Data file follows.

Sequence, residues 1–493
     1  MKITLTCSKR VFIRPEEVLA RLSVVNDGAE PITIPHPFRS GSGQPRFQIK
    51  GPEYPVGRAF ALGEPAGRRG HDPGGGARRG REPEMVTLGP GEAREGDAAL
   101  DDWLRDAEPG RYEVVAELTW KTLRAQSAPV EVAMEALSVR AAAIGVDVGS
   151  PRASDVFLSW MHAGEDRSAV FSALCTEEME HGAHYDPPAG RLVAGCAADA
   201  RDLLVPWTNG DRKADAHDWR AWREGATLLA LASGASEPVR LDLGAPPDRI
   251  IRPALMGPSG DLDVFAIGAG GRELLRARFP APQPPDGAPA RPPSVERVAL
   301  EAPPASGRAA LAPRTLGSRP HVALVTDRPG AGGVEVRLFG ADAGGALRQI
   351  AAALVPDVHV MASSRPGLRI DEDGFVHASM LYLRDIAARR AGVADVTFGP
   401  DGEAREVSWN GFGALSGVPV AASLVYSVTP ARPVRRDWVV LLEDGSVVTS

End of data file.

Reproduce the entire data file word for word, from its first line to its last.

Sequence, residues 1–493
     1  MKITLTCSKR VFIRPEEVLA RLSVVNDGAE PITIPHPFRS GSGQPRFQIK
    51  GPEYPVGRAF ALGEPAGRRG HDPGGGARRG REPEMVTLGP GEAREGDAAL
   101  DDWLRDAEPG RYEVVAELTW KTLRAQSAPV EVAMEALSVR AAAIGVDVGS
   151  PRASDVFLSW MHAGEDRSAV FSALCTEEME HGAHYDPPAG RLVAGCAADA
   201  RDLLVPWTNG DRKADAHDWR AWREGATLLA LASGASEPVR LDLGAPPDRI
   251  IRPALMGPSG DLDVFAIGAG GRELLRARFP APQPPDGAPA RPPSVERVAL
   301  EAPPASGRAA LAPRTLGSRP HVALVTDRPG AGGVEVRLFG ADAGGALRQI
   351  AAALVPDVHV MASSRPGLRI DEDGFVHASM LYLRDIAARR AGVADVTFGP
   401  DGEAREVSWN GFGALSGVPV AASLVYSVTP ARPVRRDWVV LLEDGSVVTS